Yes, football season has come to an end for me. My Saints nearly pulled off a comeback victory over the Minnesota Vikings, and I am certain my family up north is cheering up a storm. Though they are very kind people I am still in no mood for anything other than a Southern accent with a healthy dose of Creole seasoning. No offense to those of you north of Interstate 20; I just need to hunker down South for a few and not speak to any Fran Tarkenton fans.

Along with this Saints loss we have a friendly competitive weight loss challenge among friends. A small group of us is more or less trying to hold each other accountable for an exercise program that includes semi-healthy habits we as a group have come to ignore. For example, we gain points by working out for a half hour. We lose points by drinking soda pop.

The hardest for me is the loss of points for eating after 9 p.m. This isn’t because I eat dinner that late (I always have the table set and ready to go by at least 8:15 p.m. everyday), but because I have an odd condition where I sleep eat. I’m like a gremlin. In the middle of the night, I rise from my bed and float to the kitchen, never waking from my slumber. I terrorize the refrigerator, seeking leftovers, deli meat, pre-sliced cheese and pickles.

How do I know this? I leave evidence. Silverware, unwashed dishes, paper towels and other telltale signs of icebox disturbance litter the kitchen. The following morning is what I imagine a werewolf feels like the day after a full moon, piecing together the clues at the scene of his very own crime in his tattered, mustard-stained clothing covered in breadcrumbs and Dorito powder.

I’m afflicted by some kind of midnight snack lycanthropy, only I have yet to find the trigger that causes it. Family studies show that while drinking enhances it, it isn’t the cause. Sober as a judge, I still may wake the next morning to find a spoon with peanut butter residue resting on the edge of the sink. Perhaps I should pay more attention to the lunar calendar.

It’s a little funny when you first hear of this, but it’s problematic when you want to lose 15 pounds. I figured it was worth looking into and found that my problem isn’t as rare as I once thought. It’s called sleep-related eating disorder (SRED).

It’s hilarious to me that there is an actual name assigned to my lust for potato chips at the witching hour, but I am one of the fortunate ones that sees this dreaded disorder come and go. Upon further investigation, I’ve found many do it daily, often multiple times per night. My bouts may happen once or twice in a week followed by a welcomed hibernation period of months before another episode. I can’t imagine having an extra meal every night. I’d be dangerously obese and, more importantly, broke.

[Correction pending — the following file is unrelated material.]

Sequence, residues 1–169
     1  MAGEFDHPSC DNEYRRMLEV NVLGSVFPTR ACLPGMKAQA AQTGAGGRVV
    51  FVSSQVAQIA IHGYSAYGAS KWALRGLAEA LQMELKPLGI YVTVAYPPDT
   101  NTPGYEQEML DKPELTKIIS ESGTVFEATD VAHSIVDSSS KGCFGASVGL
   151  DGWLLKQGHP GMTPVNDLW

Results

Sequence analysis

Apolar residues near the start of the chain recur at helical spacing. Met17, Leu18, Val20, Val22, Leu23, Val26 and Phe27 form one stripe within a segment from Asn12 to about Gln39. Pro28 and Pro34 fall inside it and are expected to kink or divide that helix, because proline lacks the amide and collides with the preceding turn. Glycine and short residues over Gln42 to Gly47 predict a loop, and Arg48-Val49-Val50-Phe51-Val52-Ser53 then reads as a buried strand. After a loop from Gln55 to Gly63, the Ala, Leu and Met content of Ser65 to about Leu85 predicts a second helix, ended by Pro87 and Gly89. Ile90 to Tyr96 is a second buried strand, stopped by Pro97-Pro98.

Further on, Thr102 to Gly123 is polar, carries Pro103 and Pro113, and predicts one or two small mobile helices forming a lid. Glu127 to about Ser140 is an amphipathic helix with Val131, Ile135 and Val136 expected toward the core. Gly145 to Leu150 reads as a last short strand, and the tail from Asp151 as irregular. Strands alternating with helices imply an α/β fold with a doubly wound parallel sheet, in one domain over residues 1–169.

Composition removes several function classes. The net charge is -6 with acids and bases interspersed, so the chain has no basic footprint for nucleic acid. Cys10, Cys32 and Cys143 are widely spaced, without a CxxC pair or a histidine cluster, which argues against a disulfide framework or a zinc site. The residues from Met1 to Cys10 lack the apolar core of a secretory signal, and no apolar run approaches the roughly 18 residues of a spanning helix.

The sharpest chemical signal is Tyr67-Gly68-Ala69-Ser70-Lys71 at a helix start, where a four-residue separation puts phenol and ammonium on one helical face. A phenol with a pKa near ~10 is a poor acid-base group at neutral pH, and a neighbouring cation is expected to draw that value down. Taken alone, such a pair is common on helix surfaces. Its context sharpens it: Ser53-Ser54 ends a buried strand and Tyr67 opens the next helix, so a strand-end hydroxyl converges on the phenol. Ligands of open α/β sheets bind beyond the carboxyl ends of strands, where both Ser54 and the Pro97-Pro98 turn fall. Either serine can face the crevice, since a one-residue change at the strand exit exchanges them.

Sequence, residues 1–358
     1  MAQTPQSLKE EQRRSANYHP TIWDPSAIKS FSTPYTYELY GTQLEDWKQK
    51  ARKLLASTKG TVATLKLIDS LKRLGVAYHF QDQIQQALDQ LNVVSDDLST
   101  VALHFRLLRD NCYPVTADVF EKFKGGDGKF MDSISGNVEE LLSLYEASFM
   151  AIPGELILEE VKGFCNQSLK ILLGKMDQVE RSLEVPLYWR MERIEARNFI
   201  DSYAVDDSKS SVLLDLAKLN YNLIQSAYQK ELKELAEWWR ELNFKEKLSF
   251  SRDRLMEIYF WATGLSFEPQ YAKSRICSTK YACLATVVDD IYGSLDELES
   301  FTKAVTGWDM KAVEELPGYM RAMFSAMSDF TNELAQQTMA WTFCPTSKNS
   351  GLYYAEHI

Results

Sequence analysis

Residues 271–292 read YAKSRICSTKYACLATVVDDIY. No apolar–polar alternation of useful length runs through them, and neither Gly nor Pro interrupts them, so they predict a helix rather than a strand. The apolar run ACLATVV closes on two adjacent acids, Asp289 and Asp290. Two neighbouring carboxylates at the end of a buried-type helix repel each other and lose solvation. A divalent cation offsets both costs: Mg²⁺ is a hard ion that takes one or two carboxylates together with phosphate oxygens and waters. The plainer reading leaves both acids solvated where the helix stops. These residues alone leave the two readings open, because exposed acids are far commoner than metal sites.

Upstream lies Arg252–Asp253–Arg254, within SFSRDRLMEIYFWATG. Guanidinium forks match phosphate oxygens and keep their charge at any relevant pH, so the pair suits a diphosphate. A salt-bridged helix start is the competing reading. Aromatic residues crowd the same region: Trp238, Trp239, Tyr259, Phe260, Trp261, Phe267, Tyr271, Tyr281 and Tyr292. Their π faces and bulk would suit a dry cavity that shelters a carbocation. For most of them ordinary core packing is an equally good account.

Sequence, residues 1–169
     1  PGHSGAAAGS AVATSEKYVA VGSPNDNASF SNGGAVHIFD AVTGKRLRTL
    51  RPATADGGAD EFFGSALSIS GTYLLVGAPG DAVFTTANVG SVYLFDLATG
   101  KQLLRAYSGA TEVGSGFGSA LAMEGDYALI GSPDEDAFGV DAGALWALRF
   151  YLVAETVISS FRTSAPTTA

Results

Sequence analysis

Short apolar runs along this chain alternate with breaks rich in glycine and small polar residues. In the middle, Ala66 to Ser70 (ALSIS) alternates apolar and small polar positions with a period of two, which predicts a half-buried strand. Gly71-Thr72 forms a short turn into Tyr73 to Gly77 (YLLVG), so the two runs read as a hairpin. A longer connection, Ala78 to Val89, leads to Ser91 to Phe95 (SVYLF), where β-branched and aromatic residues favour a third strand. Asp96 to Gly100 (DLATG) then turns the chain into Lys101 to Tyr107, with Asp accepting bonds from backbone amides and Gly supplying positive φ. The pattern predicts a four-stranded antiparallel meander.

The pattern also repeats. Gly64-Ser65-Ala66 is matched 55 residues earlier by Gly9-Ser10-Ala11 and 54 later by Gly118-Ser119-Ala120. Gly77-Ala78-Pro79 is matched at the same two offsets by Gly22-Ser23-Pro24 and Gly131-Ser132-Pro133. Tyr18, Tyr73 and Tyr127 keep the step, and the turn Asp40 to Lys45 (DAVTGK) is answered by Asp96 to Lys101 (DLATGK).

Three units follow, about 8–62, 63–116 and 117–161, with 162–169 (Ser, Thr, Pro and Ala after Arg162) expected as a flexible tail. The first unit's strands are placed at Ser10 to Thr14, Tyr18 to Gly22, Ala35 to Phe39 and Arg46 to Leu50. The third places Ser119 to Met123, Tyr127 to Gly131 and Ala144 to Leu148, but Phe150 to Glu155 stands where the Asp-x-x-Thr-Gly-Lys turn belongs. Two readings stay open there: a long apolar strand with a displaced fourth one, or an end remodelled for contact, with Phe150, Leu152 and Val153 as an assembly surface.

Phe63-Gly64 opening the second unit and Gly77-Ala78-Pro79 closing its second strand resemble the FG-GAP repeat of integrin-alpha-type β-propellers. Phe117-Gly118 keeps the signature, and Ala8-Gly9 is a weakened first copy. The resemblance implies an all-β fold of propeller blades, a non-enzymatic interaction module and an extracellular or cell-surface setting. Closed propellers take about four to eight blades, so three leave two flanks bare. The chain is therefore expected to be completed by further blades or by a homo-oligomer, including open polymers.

All kidding aside, SRED is potentially dangerous. After researching several websites including WebMD, sleepassociation.org and sleepeducation.org, I have found they all warn of the common dangers of SRED. People who suffer from late-night sleep eating have the potential to harm themselves by handling cutlery or even cooking in their sleep. I’ve committed both of these crimes without injury, but it’s only a matter of time before I get burned or cut.

There’s also the danger associated with the sleepwalking aspect of the illness such as running into the walls or stubbing your toes, but I already do that when I’m wide awake.

Other dangers have yet to affect me, but are common enough to make it to the pages of these sleep studies. Apparently there is a problem with people drinking toxic substances such as cleaning products. I may pound a Nehi peach an hour before sunrise, but the Pine-Sol is safe from me.

Strange combinations of foods such as coffee grounds or raw bacon can be dangerous, but more than one website mentioned buttered cigarettes! I’m telling you enough about myself when I admit to sautéing an onion in butter and covering it with a square or two of American cheese without any recollection, but if I were to eat a cigarette rolled in butter like corn on the cob, then I’d beg to you send me off for some kind of evaluation.

So what causes SRED? Not sure, but it could be many things. Often SRED can develop when someone already has a sleep disorder. I come from a family of vampires who get five to six hours per night, so maybe genetics plays a role.

Stress is considered a high candidate as a trigger. There isn’t a person I know who doesn’t think he or she has stress in his life, so maybe that’s a tough one to pin it on unless the bouts come only when extra stress is involved. Exercising to excess is thought to play a role in late-night dining. I’ll cut that out immediately.

From my limited research I’ve concluded it is best to keep a diary of what you eat and how you sleep and look for patterns of when SRED occurs (or, more importantly for some, when it doesn’t occur) and remove whatever triggers you may find. Until then you may have to keep the calories at bay by stocking only gross, healthy foods.

This has been a bit of an eye-opener for me, knowing others suffer from this and may put themselves dangerously in harm’s way. I’m just thankful there’s a giant bag of pretzels in my pantry instead of cigarettes. As for my friendly weight loss contest, I may have to resort to drastic measures and padlock the fridge in case this demon returns. If you are one of the few who suffer worse than I, consult a physician, and make sure he doesn’t giggle.